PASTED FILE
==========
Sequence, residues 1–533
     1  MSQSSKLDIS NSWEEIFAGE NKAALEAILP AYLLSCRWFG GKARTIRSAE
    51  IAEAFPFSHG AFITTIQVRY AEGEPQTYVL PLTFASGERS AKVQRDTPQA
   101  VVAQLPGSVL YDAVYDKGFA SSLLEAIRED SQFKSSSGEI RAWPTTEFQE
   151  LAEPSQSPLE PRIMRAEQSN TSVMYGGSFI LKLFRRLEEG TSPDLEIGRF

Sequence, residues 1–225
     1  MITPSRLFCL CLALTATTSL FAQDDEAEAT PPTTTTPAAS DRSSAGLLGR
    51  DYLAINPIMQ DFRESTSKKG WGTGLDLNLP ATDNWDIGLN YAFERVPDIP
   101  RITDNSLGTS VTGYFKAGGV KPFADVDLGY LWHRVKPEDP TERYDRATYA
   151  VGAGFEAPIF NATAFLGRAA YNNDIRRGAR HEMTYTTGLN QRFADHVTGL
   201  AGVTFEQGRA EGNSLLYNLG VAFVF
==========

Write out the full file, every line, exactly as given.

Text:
Sequence, residues 1–533
     1  MSQSSKLDIS NSWEEIFAGE NKAALEAILP AYLLSCRWFG GKARTIRSAE
    51  IAEAFPFSHG AFITTIQVRY AEGEPQTYVL PLTFASGERS AKVQRDTPQA
   101  VVAQLPGSVL YDAVYDKGFA SSLLEAIRED SQFKSSSGEI RAWPTTEFQE
   151  LAEPSQSPLE PRIMRAEQSN TSVMYGGSFI LKLFRRLEEG TSPDLEIGRF

Sequence, residues 1–225
     1  MITPSRLFCL CLALTATTSL FAQDDEAEAT PPTTTTPAAS DRSSAGLLGR
    51  DYLAINPIMQ DFRESTSKKG WGTGLDLNLP ATDNWDIGLN YAFERVPDIP
   101  RITDNSLGTS VTGYFKAGGV KPFADVDLGY LWHRVKPEDP TERYDRATYA
   151  VGAGFEAPIF NATAFLGRAA YNNDIRRGAR HEMTYTTGLN QRFADHVTGL
   201  AGVTFEQGRA EGNSLLYNLG VAFVF